Extension Study of Protocol ENB-006-09 -Asfotase Alfa Treatment in Children With Hypophosphatasia
This clinical trial is being conducted to study long term safety and efficacy outcomes in children with hypophosphatasia (HPP) being treated with an investigational study drug called ENB-0040 (Asfotase Alfa).
|Study Design:||Endpoint Classification: Safety/Efficacy Study
Intervention Model: Single Group Assignment
Masking: Open Label
Primary Purpose: Treatment
|Official Title:||Extension Study of Protocol ENB-006-09 Evaluating the Long-term Safety and Efficacy of Asfotase Alfa (Human Recombinant Tissue Nonspecific Alkaline Phosphatase Fusion Protein) in Children With Hypophosphatasia (HPP)|
- Skeletal radiograph using a qualitative Radiographic Global Impression of Change (RGI-C)scale compared to baseline of treatment in ENB-006-09. [ Time Frame: 60 months ] [ Designated as safety issue: No ]The time points will be pre-treatment (Baseline from the 006 study) to Month 60 of the 008 study which represents 66 months of treatment.
|Study Start Date:||April 2010|
|Estimated Study Completion Date:||December 2014|
|Estimated Primary Completion Date:||December 2014 (Final data collection date for primary outcome measure)|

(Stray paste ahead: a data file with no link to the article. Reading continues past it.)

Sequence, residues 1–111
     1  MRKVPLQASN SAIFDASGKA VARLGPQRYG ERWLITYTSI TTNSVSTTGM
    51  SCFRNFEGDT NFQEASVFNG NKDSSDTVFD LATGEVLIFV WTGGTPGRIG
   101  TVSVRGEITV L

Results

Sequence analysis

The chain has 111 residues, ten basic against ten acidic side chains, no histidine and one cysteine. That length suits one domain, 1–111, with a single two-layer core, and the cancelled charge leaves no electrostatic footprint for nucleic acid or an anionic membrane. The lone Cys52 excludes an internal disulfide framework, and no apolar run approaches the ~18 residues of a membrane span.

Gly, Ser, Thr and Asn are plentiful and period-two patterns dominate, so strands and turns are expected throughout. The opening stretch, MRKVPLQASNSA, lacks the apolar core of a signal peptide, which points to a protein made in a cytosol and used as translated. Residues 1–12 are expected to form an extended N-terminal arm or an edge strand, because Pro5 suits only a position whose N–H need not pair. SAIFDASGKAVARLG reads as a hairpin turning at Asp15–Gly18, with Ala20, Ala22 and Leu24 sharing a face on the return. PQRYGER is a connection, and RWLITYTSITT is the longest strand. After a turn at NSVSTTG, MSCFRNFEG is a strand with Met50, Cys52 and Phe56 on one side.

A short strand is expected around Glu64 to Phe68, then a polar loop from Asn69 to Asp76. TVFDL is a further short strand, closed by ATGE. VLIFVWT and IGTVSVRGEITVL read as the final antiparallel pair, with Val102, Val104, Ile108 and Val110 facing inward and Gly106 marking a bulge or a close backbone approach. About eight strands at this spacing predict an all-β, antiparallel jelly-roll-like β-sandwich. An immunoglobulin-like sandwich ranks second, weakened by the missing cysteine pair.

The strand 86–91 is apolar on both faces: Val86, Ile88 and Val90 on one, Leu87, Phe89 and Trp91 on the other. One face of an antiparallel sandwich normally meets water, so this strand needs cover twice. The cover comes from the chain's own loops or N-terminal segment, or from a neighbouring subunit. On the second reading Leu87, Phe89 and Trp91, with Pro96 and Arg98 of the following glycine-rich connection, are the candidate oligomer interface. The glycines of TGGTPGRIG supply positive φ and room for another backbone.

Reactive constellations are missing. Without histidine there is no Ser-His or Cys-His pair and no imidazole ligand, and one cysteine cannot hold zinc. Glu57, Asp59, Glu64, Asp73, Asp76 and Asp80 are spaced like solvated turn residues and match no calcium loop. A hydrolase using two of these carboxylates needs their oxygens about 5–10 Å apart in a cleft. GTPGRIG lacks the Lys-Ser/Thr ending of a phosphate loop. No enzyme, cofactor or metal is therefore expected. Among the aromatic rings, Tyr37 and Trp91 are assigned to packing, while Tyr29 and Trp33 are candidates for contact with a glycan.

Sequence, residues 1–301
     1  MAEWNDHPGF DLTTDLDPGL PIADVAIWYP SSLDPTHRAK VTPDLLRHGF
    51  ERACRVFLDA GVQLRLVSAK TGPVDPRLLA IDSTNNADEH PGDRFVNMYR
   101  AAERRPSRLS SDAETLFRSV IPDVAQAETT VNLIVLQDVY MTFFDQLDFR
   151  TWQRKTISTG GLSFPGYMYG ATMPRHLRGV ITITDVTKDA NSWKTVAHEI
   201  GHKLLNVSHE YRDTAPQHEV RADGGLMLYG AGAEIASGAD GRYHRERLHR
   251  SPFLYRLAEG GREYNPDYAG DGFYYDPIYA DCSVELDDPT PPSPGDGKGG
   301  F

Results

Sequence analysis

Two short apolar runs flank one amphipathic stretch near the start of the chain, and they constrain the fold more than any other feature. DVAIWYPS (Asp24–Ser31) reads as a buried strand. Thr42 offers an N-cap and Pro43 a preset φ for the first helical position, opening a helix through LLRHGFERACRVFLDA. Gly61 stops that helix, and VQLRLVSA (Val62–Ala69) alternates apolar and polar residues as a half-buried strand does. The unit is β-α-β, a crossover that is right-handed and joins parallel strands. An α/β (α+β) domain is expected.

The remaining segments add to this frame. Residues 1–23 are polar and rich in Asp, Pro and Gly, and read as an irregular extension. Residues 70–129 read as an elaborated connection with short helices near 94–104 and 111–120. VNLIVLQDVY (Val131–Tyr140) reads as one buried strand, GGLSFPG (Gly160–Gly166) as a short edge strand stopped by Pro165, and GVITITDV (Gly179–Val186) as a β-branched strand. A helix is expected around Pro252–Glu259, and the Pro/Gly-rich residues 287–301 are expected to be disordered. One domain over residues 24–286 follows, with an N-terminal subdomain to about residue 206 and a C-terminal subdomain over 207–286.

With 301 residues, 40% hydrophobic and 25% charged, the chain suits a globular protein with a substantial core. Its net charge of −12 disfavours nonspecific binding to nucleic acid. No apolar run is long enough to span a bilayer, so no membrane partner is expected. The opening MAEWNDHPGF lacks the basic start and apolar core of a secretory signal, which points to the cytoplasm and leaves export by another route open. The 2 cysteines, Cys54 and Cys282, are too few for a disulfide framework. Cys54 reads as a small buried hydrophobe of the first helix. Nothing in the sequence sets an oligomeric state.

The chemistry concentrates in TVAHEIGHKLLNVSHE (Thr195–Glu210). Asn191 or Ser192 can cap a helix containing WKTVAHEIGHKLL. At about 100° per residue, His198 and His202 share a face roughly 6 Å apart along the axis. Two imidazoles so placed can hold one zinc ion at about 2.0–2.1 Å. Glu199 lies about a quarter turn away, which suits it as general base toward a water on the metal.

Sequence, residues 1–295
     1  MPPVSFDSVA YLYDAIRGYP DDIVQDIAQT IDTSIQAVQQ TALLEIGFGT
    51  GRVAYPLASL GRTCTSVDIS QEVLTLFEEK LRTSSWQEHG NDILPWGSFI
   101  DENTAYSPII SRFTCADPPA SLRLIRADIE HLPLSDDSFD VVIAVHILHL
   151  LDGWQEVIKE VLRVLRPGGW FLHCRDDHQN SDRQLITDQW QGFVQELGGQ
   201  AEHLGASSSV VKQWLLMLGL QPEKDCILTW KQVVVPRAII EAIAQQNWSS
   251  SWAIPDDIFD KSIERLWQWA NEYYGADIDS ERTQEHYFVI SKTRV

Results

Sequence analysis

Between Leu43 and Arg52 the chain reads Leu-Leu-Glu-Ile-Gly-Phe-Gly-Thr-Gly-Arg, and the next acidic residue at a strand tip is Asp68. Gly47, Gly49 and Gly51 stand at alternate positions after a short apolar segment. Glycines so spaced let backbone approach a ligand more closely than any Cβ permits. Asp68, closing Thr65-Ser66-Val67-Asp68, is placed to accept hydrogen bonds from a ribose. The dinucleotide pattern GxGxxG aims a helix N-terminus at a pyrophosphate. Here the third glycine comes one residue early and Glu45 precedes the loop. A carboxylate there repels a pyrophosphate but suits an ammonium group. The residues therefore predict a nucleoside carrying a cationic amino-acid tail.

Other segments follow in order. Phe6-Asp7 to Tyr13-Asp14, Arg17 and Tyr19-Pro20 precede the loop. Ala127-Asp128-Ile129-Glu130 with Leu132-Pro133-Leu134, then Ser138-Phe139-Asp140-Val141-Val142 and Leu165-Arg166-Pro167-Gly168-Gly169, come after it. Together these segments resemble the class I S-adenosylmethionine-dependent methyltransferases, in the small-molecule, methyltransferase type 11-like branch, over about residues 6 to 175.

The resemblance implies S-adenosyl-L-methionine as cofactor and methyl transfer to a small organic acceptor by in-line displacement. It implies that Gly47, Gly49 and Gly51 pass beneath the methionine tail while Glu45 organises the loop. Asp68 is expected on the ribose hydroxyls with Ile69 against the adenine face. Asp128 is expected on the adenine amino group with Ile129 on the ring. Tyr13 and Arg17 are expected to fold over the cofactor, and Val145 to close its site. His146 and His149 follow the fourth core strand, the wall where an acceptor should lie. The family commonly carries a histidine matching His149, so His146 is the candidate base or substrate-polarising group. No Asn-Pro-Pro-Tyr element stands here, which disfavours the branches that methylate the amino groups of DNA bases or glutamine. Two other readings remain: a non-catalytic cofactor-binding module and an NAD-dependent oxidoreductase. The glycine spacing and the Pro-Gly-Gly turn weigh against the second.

Experimental: Asfotase Alfa
Asfotase Alfa 6 mg/kg/week SC injection for 60 months
Biological: Asfotase Alfa
2 mg/kg SC injection 3 times per week for 60 months or 1mg/kg sc injection 6 times per week for 60 months.
Other Name: human recombinant tissue non-specific alkaline phosphatase fusion protein
Asfotase Alfa was formerly referred to as ENB-0040
Hypophosphatasia (HPP) is a rare inherited form of rickets and osteomalacia caused by inactivating mutations in the gene encoding the tissue-nonspecific isoenzyme of alkaline phosphatase (TNSALP). The prevalence of the disease is thought to be about 1:100,000 although it is markedly higher in a small Canadian Mennonite population (Fraser 1957, Chodirker 1990). Inheritance can be autosomal recessive or dominant, and penetrance is variable resulting in a wide range of clinical expressivity. HPP differs from other forms of rickets and osteomalacia in that serum levels of calcium and phosphorus are generally normal or even elevated (Whyte 2002). Low circulating levels of alkaline phosphatase with elevated serum or urine levels of the TNSALP substrates inorganic pyrophosphate (PPi), pyridoxal 5'-phosphate (PLP) and phosphoethanolamine (PEA) are the biochemical hallmarks of this inborn error of metabolism.
Disease severity in HPP is inversely related to the age at symptom presentation. The most severe cases occur in utero and almost invariably result in death, generally due to pulmonary compromise. Infants who present in the first six months of life have about 50% mortality. Children and adults have less severe disease but can have frequent fractures, bone pain, bowing of the long bones and muscle weakness, and morbidity is generally cumulative. Some patients cannot ambulate independently and end up wheelchair-bound.
|United States, Missouri|
|Shriner's Hospital for Children|
|St. Louis, Missouri, United States, 63131|
|Children's Hospital Health Sciences Centre|
|Winnipeg, Manitoba, Canada, R3B 0A6|
|Principal Investigator:||Michael Whyte, MD||Shriners Hospitals for Children|
|Principal Investigator:||Cheryl Greenberg, MD||Children's Hospital Health Sciences Centre|